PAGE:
Senator Jeff Timberlake delivers this week’s Republican Radio Address
By Senator Jeff Timberlake
AUGUSTA – As a society, a few things cause our collective hearts to sink. They tend to involve a major catastrophe or disaster, and we feel for our fellow Americans and even those around the world who are its victims. When it involves children, however, as in the case last week in Texas, these tragedies tear at our hearts much harder.
Hello, this is Senator Jeff Timberlake of Androscoggin County and I’m pleased to join you for this week’s Republican Radio Address.
To the parents of the 19 kids who were killed in Uvalde, Texas, I guarantee I’m not alone in saying our prayers are with you. Nothing like this should ever happen in our society and while officials there continue finding answers, I don’t think any answer of how or why it happened can ever console a parent or family who has lost a child.
That line of thinking is why I joined my colleague, Democratic Senator Bill Diamond of Cumberland, for a rally and press conference two weeks ago in front of the Maine State House under the banner of “No More Names.” The names I’m referring to are our own children here in Maine who have needlessly lost their lives.
The Office of Child and Family Services (OCFS) said 29 Maine children died in 2021. That figure was recently updated – before, we thought it was 25. Still, 2021 was the deadliest year on record. That’s not a record we want to keep setting.
What’s more disturbing is that the vast majority, or 27 of the 29 deaths, had a Child Protective Services history before or during the child’s life, even when the cause of death was natural, accidental, by suicide or undetermined. And just like in Uvalde, the question before us here in Maine is “Why?”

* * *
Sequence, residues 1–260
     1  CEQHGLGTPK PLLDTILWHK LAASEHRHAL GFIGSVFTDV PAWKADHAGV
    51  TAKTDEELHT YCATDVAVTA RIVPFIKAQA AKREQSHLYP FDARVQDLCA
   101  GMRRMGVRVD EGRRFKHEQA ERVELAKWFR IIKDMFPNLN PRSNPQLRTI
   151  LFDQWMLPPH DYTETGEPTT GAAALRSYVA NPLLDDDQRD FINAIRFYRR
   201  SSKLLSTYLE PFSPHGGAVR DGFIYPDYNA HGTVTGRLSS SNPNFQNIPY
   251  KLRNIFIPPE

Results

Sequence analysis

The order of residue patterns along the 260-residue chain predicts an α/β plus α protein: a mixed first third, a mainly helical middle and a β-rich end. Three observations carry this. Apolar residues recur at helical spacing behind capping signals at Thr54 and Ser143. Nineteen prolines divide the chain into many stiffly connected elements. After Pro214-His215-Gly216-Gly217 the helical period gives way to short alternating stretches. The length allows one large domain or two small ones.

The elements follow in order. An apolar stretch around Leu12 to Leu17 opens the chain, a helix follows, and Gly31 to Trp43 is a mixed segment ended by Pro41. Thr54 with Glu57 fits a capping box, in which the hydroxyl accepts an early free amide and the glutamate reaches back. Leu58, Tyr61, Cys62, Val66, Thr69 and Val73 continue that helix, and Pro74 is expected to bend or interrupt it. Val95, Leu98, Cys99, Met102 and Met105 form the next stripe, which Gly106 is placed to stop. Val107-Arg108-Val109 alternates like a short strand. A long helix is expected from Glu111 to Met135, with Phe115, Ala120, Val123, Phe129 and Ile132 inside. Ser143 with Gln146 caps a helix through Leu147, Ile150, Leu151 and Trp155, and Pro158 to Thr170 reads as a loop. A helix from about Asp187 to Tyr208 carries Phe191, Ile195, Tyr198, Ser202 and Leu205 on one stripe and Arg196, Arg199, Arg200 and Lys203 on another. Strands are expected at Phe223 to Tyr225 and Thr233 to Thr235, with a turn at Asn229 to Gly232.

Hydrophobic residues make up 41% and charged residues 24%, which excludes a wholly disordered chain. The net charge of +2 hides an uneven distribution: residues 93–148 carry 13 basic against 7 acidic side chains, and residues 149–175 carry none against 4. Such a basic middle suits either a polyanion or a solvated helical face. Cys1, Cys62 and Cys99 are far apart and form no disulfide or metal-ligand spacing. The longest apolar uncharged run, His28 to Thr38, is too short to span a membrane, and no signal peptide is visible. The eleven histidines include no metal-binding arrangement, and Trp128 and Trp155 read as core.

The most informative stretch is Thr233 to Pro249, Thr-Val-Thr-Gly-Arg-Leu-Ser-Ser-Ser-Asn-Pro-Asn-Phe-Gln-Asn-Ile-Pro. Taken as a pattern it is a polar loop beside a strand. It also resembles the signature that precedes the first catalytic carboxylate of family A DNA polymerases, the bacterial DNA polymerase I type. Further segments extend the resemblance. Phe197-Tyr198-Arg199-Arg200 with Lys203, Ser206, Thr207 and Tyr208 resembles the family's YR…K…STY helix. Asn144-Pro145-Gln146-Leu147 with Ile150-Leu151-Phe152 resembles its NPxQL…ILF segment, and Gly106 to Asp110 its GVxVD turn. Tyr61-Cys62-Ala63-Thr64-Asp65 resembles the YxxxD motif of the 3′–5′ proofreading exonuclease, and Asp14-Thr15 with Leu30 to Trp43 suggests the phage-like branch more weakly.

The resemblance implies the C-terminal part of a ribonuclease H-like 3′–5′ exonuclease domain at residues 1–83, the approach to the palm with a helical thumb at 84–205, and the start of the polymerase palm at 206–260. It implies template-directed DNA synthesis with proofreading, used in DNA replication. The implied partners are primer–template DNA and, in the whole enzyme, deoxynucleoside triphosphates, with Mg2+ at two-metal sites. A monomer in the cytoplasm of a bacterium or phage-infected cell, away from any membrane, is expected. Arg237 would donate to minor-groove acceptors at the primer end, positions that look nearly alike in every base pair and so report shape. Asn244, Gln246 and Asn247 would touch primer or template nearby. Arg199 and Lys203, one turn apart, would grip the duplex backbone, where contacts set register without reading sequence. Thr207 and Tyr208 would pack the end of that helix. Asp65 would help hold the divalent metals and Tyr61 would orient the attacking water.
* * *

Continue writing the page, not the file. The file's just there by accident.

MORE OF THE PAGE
The reason both Senator Diamond and I led that rally together is because we are together on this. This is not a partisan issue. It’s not an issue of who is to blame. This is a life and death issue affecting our precious children, and it needs to be addressed immediately by all of us.
And yet “Why?” is a question that has been hard to answer. Senator Diamond and I have been repeatedly asking it for years, and it goes back decades. In fact, 180 children across our state have died since tracking began in 2007. Yes, there are 180 names on that list.
The Legislature’s Government Oversight Committee, of which I am a member, is charged with holding our Executive Branch and its agencies accountable to Maine’s people and we’re now asking that very question. It’s a question that won’t be going away – we’ll keep asking it and demand accountability and transparency to help fix the problem.
But you can’t fix a problem if you don’t know what it is to begin with. And the problem is not limited to just the children who have died – we also heard from foster parents and child advocates at the rally who described a whole range of issues with OCFS and its parent agency, the Department of Health and Human Services (DHHS).
Our bipartisan committee will continue meeting throughout the summer as we seek the answers and work together to make DHHS a better agency, one that is transparent and accountable to Maine’s people whom we represent. It may also lead us to an even harder but necessary solution. Is it prudent to break up DHHS and OCFS into two separate agencies with different focuses, similar to how things were structured before DHHS was created in 2004?
Either way, three words will continue to guide us. No more names.
Again, this is Senator Jeff Timberlake of Androscoggin County and I hope you have a great weekend.
Senator Jeff Timberlake is the Senate Republican Leader and is in his second term representing District 22. He is a member of the Government Oversight Committee.